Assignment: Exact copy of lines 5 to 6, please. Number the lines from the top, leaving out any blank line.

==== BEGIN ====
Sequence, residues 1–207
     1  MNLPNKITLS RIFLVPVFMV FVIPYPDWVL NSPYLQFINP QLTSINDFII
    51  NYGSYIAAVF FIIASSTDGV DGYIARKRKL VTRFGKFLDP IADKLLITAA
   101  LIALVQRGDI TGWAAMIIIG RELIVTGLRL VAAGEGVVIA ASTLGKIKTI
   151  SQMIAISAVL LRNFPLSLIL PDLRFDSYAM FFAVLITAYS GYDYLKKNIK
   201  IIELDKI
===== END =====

   151  SQMIAISAVL LRNFPLSLIL PDLRFDSYAM FFAVLITAYS GYDYLKKNIK
   201  IIELDKI